Genes Chromosomes and Cancer 10/2010; 49(10):935-47. · 3.55 Impact Factor
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    ABSTRACT: Constitutive activation of the Wnt signaling pathway is a common feature of solid tumors and contributes to uncontrolled cell-growth and impaired differentiation. We hypothesized that gene silencing mediated through aberrant promoter methylation of upstream Wnt antagonist genes might result in beta-catenin accumulation, resulting in constitutive Wnt activation. Wnt antagonist genes (SFRP1, WIF1, APC and CDH1) and CTNNB1 promoter methylation was examined in genomic DNA extracted from 12 urological cancer cell lines and correlated with CTNNB1 mRNA expression. Promoter methylation status was then assessed in 36 BCa, 30 PCa, 31 RCT, and normal bladder mucosa (15), prostate (10) and renal (5) tissue samples. Finally, CTNNB1 mRNA relative expression levels were correlated with Wnt antagonist gene methylation status in RCT. Methylation was found in at least one Wnt antagonist gene and the CTNNB1 promoter was unmethylated in all cancer cell lines tested. When gene methylation levels were compared between cancer cell lines with high and low CTNNB1 mRNA expression, a trend was found for increased CDH1 promoter methylation levels in the former. BCa and PC a tumors demonstrated high frequency of promoter methylation at all tested genes. In RCT, CTNNB1 was unmethylated in all cases and the overall frequency of promoter methylation at the remainder genes was lower. Interestingly, median CTNNB1 mRNA expression levels were significantly higher in RCTs methylated in at least one Wnt antagonist gene promoter. We concluded that epigenetic deregulation of Wnt pathway inhibitors may contribute to aberrant activation of Wnt signaling pathway in bladder, prostate and renal tumors.
    Epigenetics: official journal of the DNA Methylation Society 05/2010; 5(4):343-51. · 4.58 Impact Factor
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    ABSTRACT: Apoptosis is known to be involved in tumorigenesis and a defective ratio between cell proliferation and apoptosis may contribute to the emergence of a malignant phenotype. Transcriptional silencing of apoptosis-related genes associated with aberrant promoter methylation may impair the apoptotic machinery, ultimately leading to cancer development. Aberrant promoter methylation of numerous genes involved in many different pathways is frequent in prostate cancer. Our aim was to quantitatively assess the methylation status of several apoptosis-related genes in prostate adenocarcinoma (PCa) and its precursor lesion, high-grade prostatic intraepithelial neoplasia (HGPIN). First, 120 PCa and 39 HGPIN were screened for altered expression of BCL2, CASP8, CASP3, DAPK DR3, DR4, DR6, FAS, TMS1, TNFR2, using 28 benign prostate hyperplasias and 10 normal prostates as controls. Underexpressed genes were then assessed by quantitative methylation-specific PCR to determine the promoter methylation status. Finally, quantitative mRNA expression of aberrantly methylated genes was performed and methylation data was correlated with standard clinicopathologic parameters. DAPK, DR4 and TNFR2 were significantly overexpressed in HGPIN and PCa, whereas BCL2, TMS1, and FAS were downregulated. Although methylation levels were significantly higher for TMS1 and BCL2 (correlating with advanced stage), an inverse correlation with mRNA expression was found only for BCL2. We concluded that the apoptotic pathways are largely preserved in prostate carcinogenesis, in particular the extrinsic pathway, with the exception of FAS and TMS1, which are epigenetically downregulated. In addition, BCL2 was also found to be frequently silenced in PCa due to aberrant promoter methylation, thus supporting a future role for apoptosis-targeted therapy in prostate cancer.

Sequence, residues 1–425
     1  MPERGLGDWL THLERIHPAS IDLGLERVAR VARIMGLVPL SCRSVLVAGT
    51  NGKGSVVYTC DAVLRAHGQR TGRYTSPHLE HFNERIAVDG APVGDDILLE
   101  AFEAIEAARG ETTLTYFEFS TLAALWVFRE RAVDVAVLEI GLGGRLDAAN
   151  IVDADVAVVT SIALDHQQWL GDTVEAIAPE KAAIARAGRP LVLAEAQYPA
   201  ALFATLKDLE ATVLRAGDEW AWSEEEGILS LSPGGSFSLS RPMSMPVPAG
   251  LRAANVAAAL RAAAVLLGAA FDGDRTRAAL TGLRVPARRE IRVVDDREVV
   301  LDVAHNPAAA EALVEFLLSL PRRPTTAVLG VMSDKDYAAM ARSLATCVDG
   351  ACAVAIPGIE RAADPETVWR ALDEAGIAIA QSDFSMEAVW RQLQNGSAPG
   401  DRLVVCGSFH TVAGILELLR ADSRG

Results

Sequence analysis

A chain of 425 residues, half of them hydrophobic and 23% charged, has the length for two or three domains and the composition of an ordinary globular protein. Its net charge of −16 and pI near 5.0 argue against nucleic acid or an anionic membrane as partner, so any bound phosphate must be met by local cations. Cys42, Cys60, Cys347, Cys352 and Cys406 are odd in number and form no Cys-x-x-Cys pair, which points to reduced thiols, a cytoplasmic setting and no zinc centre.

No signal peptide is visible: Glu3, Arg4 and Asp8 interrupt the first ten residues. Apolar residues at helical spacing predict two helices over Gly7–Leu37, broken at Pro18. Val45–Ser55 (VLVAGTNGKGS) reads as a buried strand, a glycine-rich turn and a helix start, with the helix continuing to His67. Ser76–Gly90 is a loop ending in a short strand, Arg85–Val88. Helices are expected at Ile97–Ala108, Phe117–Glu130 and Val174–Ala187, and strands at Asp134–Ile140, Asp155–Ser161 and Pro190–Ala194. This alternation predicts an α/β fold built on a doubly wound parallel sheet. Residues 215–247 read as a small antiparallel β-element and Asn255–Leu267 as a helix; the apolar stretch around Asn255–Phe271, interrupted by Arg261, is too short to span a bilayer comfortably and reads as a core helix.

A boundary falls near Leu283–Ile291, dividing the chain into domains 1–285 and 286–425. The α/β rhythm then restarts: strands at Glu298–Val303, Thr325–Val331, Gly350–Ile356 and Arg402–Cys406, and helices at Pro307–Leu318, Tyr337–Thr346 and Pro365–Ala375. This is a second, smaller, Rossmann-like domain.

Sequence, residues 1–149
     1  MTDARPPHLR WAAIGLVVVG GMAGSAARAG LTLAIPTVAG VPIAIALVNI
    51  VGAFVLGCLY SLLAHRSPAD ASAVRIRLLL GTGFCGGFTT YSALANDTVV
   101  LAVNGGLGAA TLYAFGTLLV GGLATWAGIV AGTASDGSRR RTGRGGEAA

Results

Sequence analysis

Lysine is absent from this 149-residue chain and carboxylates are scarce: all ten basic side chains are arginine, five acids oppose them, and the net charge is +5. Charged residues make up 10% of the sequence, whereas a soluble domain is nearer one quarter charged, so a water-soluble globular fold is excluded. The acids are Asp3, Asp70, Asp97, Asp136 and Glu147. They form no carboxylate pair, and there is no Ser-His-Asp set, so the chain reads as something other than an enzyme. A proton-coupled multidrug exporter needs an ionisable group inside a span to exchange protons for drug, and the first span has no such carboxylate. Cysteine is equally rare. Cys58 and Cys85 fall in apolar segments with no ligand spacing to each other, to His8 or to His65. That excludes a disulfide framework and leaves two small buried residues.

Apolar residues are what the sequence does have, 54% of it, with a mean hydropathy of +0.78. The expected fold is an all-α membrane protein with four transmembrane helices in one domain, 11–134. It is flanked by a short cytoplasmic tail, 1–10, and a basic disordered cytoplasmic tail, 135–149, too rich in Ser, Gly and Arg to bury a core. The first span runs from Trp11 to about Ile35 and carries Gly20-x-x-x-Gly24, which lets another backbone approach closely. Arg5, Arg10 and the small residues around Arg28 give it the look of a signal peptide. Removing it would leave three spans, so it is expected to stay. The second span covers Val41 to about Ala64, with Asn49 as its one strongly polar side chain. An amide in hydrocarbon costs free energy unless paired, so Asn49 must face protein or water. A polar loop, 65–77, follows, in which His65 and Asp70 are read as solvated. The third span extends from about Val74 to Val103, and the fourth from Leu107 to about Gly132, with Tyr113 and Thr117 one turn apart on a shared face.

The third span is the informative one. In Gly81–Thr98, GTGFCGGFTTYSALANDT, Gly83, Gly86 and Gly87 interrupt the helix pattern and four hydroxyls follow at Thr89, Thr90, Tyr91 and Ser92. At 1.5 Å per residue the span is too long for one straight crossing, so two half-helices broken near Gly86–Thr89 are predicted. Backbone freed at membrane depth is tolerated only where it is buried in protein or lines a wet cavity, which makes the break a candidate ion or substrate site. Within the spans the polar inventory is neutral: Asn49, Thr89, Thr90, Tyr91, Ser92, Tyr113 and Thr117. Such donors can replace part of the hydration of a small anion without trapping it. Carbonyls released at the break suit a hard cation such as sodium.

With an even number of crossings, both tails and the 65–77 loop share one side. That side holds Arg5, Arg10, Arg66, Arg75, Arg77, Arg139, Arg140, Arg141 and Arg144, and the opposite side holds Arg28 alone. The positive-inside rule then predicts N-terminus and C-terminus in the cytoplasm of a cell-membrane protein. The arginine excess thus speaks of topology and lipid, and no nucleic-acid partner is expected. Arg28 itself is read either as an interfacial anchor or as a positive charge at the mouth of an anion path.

Apoptosis 05/2010; 15(8):956-65. · 4.07 Impact Factor
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    ABSTRACT: The purpose of this study was to identify genetic aberrations contributing to clinical aggressiveness of malignant peripheral nerve sheath tumors (MPNSTs). Samples from 48 MPNSTs and 10 neurofibromas were collected from 51 patients with (n = 31) or without (n = 20) neurofibromatosis type 1 (NF1). Genome-wide DNA copy number changes were assessed by chromosomal and array-based comparative genomic hybridization (CGH) and examined for prognostic significance. For a subset of 20 samples, RNA microarray data were integrated with the genome data to identify potential target genes. Forty-four (92%) MPNSTs displayed DNA copy number changes (median, 18 changes per tumor; range, 2 to 35 changes). Known frequent chromosomal gains at chromosome arms 8q (69%), 17q (67%), and 7p (52%) and losses from 9p (50%), 11q (48%), and 17p (44%) were confirmed. Additionally, gains at 16p or losses from 10q or Xq identified a high-risk group with only 11% 10-year disease-specific survival (P = .00005). Multivariate analyses including NF1 status, tumor location, size, grade, sex, complete remission, and initial metastatic status showed that the genomic high-risk group was the most significant predictor of poor survival. Several genes whose expression was affected by the DNA copy number aberrations were identified. The presence of specific genetic aberrations was strongly associated with poor survival independent of known clinical risk factors. Conversely, within the total patient cohort with 34% 10-year disease-specific survival, a low-risk group was identified: without changes at chromosomes 10q, 16p, or Xq in their MPNSTs, the patients had 74% 10-year survival.